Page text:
Knot So Fast
Today's focus in the shipping world is increasingly on fast ships. However, the trend is also towards higher speeds for conventional tonnage — vessels such as containerships, RoRos and bulkers. And while the speed increases are only up to five knots, this has important implications and is a challenge for the ship designer.
To ensure stability, safety and performance criteria are met, it is important to identify and solve problems during the design process. Fuel costs, of course, is a very important factor which directly affects the speed of ships, but the focus on fuel cost varies.
For example, the general thought in the 1960s and early 1970s was to increase ship speeds, with the consequent higher power demands and higher fuel consumption. This trend was abruptly broken with the oil crisis in 1973, and as a result, speeds were reduced, sometimes drastically, to decrease fuel costs.
The next trend to increase speeds started in the late 80s.
The Need For Speed Towards the end of the 1980s, a change was noted, as several projects were initiated, specifying fast transport. While the projects mainly involved ferries, it was notable that plans called for ships of 1,000 dwt and larger at speeds of 35 knots and above. At the same time, a demand for higher speeds in the RoRo and containership segments was discovered, and the typical speed increase raised services speeds to around 25 knots.
Speed Affects Design The development of null lines is mainly an evolutionary process where the requirements of the cargo and cargo handling are important. The design of the hull lines has to be, in general, completed within a short time frame, and is concerned with the actual ship. In depth optimizations are rarely made, but rather refinements and extension of existing designers. A speed increase from 20 to 25 knots has implications not only on fuel consumption, but also on vibration and noise levels, sea loads and to some extent on maneuvering properties. This implies that a more careful and systematic design procedure is needed.
Speed-power relation and the choice of the optimal dimensions should be considered at the outset of the project. While experience and data bases exist to help make correct choices, these resources need to be complemented, as modern ship forms imply dimensional relations outside earlier experiences.
Another area of concern with increasing speeds is that of noise and vibration. With ship speeds increasing, vibration problems have seemed to reappear, despite improved methods to predict vibration and noise. It should also be noted that the common hull shapes with rather flat aftbodies appear to be more susceptible to pressure pulses.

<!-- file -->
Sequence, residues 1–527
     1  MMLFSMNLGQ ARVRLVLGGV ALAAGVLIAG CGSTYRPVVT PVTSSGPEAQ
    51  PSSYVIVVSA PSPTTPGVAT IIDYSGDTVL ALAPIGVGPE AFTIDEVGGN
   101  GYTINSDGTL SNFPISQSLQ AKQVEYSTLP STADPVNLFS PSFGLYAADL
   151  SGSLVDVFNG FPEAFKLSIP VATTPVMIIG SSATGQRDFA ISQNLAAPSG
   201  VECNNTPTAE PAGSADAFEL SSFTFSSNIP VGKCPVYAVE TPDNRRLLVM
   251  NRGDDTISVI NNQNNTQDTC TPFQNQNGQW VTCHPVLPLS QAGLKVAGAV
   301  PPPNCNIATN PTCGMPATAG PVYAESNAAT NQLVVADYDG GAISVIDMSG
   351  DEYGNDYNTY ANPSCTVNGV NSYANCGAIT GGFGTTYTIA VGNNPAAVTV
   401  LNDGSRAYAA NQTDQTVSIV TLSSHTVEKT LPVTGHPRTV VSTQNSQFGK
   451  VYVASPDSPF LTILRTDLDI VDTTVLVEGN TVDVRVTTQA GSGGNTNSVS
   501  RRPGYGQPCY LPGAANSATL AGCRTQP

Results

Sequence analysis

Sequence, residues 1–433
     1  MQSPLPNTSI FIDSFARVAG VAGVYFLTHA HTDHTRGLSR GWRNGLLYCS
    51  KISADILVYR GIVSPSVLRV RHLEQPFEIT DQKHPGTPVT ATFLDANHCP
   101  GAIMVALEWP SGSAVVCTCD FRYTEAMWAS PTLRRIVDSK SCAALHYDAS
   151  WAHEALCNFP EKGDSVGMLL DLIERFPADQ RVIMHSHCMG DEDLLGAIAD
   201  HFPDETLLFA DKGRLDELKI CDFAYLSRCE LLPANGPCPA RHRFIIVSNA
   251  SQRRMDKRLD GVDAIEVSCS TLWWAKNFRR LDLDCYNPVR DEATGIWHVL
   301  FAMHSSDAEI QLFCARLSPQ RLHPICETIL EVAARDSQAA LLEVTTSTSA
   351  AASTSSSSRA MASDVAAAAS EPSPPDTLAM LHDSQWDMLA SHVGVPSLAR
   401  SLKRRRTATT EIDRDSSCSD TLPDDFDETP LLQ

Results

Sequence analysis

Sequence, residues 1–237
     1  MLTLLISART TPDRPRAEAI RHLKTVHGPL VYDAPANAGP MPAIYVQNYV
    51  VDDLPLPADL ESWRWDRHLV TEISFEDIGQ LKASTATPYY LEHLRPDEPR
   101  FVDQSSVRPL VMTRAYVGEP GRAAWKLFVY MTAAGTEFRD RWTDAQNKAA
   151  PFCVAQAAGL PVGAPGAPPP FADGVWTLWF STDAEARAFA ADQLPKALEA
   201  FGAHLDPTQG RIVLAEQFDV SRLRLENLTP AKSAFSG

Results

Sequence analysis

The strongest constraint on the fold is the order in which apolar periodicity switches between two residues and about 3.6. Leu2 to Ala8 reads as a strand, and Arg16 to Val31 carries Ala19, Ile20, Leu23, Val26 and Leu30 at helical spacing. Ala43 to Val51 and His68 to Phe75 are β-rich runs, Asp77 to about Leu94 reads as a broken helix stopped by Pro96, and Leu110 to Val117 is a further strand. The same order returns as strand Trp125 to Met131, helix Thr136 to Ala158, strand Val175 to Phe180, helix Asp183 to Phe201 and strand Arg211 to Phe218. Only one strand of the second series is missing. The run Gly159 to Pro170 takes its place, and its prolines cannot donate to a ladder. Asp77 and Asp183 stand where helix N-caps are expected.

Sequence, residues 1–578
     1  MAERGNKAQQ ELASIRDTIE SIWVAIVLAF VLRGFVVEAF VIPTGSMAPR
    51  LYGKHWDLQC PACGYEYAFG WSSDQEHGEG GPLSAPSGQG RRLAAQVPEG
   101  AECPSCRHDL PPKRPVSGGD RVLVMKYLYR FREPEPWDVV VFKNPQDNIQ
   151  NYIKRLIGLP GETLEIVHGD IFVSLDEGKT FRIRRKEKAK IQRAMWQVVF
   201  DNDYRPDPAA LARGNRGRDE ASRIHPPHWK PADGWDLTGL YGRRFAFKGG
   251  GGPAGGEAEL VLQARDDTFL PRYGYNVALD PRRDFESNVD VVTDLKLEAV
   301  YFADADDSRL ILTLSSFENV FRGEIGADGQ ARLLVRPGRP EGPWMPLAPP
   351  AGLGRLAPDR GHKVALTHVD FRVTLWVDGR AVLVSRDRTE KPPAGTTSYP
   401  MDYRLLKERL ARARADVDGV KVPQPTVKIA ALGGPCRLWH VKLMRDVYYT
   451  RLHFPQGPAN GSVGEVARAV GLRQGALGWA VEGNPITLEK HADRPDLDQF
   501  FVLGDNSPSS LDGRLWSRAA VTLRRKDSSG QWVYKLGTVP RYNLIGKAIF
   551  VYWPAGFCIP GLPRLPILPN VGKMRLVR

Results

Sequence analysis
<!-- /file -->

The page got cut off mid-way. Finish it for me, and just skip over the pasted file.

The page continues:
Desian Tools In the past, the main tools for the hydrodynamic design of ships were model tests and experience. The model tests were, in general, quite time consuming and focused on the speed-power relation. The limited time for the design also meant that the design goal generally was to provide a satisfying solution rather than an optimized design.
The availability of computational methods as Computational Fluid Dynamics (CFD) for resistance and propulsion, time simulation of ship's motions, finite element analyses of vibrations and noises, etc., provide possibilities to investigate the relative merits of different design alternatives within a limited time frame. In this way, different design concepts can be analyzed with regard to speed-power, vibrations, sea loads and other aspects almost simultaneously. However, to obtain a high assurance of the project, model tests are recommended to verify the computational results.
The Future The demands on sea transport will focus more and more on competitiveness, safety and environmental aspects. Competitiveness means not only low fuel consumption, but also low sea loads, good maneuverability and low vibration and noise levels. Ships which do not comply with basic regulations and requirements in regard to complying with safety and environmental demands will not be accepted, and it can be anticipated that such demands will only increase. Future ships will require larger design efforts and will consequently demand efficient and reliable design procedures. In regard to ship hydrodynamics and related fields, the development of computational tools will continue, and such methods will be used more. Most aspects of ship hydrodynamics which earlier relied on model test results — can now be treated computationally, primarily for comparisons and optimization of the designs. With more extensive use of computational methods, improvements in performance seem to be possible. As an example, CFD calculations have been used in an optimization test on resistance, and the results indicate reductions in the order of 10 percent. Model tests will still be required to verify and validate computational results. Design work will thus include both computational work and model tests.